3/5/2013 12:56 PM EST
Goalie2: it IS the standards themselves. At the lower end, they are idiotic--inappropriate, expecting students to perform at levels that are completely out of their reach. Please don't talk about raising the bar high enough. We wouldn't expect a six-year-old to bowl a perfect game using a 30 pound ball; we wouldn't expect a six-year-old to bat 300; we wouldn't expect a 6-yr-old to run a marathon. These expectations would be completely developmentally inappropriate--they'd be idiotic. Education experts who understand children's development have identified many standards in CCSS as inappropriate for children's development, and in fact as hurting kids. Why is that so hard to accept? 
3/5/2013 1:29 PM EST
I'm not an expert on early childhood, and I would never claim to be. I appreciate the discussion. I'm curious, what are some of the standards that are developmentally inappropriate?
3/5/2013 1:59 PM EST
Goalieo2: An article I wrote entitled, " Warning: the Common Core May Be Harmful to Children" appears in the March issue of the Phi Delta Kappan. In it I give examples of standards that are inappropriate for K-5 students or just irrelevant for any student. If you don't subscribe to the Kappan, get a copy from your local public library. 
Joanne Yatvin 
Disclaimer: I received no monetary or professional benefit for this article.
3/5/2013 2:35 PM EST
3/5/2013 9:27 PM EST
Thank you Tracey. As a high school principal, I am more familiar with secondary expectations and standards. I appreciate your insights.
2/27/2013 9:53 PM EST
@Goalie: You said, "And it is also untrue that early childhood (K-5) teachers weren't included in the formation of the standards. You can look up the authors and their credentials for yourself. "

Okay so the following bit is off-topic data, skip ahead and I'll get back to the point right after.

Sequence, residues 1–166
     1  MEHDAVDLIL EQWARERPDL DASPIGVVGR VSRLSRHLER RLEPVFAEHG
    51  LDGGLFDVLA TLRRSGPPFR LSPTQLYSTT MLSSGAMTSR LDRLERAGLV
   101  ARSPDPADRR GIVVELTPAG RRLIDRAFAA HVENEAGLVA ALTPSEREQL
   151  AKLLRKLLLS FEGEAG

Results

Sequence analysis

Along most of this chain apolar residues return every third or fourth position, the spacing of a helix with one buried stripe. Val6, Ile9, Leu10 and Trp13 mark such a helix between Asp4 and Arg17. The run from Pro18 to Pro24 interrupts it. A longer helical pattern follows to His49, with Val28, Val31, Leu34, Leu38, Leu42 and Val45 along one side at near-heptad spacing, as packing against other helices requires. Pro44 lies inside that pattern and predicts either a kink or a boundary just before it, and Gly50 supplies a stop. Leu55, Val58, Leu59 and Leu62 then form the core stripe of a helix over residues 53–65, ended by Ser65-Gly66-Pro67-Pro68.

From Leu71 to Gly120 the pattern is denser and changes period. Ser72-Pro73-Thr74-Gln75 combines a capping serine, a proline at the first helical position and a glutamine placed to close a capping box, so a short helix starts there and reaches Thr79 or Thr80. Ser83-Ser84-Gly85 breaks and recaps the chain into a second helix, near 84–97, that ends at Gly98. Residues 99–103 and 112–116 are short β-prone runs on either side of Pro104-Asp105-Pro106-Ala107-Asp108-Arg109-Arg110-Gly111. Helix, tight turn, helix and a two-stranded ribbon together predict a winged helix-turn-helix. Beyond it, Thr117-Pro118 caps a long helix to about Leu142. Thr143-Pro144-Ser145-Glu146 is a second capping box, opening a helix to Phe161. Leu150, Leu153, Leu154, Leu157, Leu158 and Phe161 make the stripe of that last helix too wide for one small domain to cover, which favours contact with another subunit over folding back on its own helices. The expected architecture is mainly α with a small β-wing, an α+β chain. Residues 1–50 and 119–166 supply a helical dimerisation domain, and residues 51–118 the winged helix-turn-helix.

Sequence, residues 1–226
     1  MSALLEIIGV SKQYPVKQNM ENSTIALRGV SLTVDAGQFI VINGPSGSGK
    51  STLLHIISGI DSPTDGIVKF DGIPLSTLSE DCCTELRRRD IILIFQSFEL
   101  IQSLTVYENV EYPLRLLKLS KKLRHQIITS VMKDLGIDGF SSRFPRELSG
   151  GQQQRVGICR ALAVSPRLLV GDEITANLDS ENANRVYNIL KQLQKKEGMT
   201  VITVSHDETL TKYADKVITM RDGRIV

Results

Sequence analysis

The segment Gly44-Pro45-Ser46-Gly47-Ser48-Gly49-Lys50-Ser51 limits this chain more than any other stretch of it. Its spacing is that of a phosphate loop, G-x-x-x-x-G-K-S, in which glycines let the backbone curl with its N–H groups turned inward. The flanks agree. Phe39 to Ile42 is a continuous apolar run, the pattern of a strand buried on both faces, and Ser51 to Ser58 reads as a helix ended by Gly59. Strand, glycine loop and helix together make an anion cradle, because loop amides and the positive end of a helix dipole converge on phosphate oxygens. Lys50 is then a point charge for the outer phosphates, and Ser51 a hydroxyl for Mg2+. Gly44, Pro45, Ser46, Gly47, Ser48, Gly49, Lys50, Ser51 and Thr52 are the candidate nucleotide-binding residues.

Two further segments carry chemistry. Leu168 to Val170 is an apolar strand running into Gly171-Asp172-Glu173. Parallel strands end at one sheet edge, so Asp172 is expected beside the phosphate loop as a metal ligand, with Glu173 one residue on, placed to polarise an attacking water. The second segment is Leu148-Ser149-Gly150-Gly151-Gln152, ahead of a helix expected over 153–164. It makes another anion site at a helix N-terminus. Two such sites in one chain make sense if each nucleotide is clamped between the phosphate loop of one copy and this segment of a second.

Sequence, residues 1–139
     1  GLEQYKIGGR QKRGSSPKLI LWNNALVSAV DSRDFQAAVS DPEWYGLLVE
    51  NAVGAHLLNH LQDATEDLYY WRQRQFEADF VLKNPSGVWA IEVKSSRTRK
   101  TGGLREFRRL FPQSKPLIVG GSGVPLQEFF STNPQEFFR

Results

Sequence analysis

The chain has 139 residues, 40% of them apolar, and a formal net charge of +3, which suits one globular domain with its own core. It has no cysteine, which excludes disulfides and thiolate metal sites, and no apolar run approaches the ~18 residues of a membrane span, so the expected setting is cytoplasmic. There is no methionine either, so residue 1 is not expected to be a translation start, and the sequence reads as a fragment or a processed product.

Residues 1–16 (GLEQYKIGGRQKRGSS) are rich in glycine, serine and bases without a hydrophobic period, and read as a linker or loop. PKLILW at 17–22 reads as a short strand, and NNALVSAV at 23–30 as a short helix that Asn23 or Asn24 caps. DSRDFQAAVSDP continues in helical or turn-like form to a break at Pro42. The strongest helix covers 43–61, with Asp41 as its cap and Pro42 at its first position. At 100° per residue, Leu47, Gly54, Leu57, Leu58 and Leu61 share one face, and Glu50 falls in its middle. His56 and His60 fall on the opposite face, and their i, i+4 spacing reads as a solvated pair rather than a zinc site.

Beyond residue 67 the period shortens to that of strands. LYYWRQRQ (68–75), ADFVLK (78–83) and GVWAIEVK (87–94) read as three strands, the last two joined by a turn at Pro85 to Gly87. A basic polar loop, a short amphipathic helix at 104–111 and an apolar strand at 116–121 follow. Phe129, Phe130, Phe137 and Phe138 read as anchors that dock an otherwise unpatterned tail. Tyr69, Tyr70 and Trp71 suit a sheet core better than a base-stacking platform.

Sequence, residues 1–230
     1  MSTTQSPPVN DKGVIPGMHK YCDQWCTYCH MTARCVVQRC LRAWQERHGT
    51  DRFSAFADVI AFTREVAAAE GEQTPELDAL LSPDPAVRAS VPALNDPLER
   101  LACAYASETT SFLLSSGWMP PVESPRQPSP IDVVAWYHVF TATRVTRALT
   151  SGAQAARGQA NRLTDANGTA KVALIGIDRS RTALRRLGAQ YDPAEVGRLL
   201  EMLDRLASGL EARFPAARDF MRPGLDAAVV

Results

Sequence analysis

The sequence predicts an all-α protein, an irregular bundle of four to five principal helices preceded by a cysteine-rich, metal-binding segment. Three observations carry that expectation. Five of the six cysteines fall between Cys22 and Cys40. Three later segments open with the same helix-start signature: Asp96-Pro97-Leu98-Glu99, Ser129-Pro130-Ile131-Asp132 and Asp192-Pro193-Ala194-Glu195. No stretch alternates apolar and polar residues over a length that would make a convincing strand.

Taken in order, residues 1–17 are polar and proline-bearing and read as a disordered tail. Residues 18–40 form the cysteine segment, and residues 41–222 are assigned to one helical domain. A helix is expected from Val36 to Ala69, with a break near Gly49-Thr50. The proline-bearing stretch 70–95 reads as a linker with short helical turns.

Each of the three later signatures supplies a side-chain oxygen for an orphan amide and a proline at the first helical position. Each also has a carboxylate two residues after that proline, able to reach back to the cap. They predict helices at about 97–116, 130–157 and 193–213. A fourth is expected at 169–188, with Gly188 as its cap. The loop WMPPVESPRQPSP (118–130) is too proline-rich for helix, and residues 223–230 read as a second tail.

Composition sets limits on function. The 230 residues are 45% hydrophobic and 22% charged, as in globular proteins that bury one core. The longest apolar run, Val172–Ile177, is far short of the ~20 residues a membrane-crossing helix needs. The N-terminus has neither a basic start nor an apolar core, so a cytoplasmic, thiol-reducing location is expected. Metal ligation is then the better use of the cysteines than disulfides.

K-5 is not Early Childhood. Early Childhood encompasses birth-8YO. "Elementary" =/= "Early Childhood." Perhaps you missed this article from just last month here: http://www.washingtonpost.com/blogs/answer-sheet/w... 
You also said, "I'm confused why you think the CCS don't aid in laying a foundation for students to succeed in reading, writing and math in the later grades." Here's is what children are NOT hard-wired for in their first 7-8 years ("Early Childhood," in other words): sitting for long periods of time, learning to read/decode words (many nations who kick our tails wait till 7YO for this!), pre-algebra, reading on a 1st or 2nd-grade level in K. What they ARE hard-wired for is running, walking, skipping, climbing, playing in sensory and tactile ways (sand/rocks/water/textures), painting, drawing, sculpting, games (both sitting-down games and running full tilt games), singing, playing instruments, making noise, getting messy, eating/drinking more or less at will (within reason), exploring ALL their senses in ALL their worlds on their own and/or with as little guidance as possible. A rich environment with lots of opportunity to do all these will give kids not only an intuitive understanding of their world on which to build the new stuff, but also opportunities to learn to regulate their bodies, to practice and refine social skills - all things many elementary-schoolers desperately lack in the quest for an ACADEMIC foundation, to the detriment of the rest of their persons.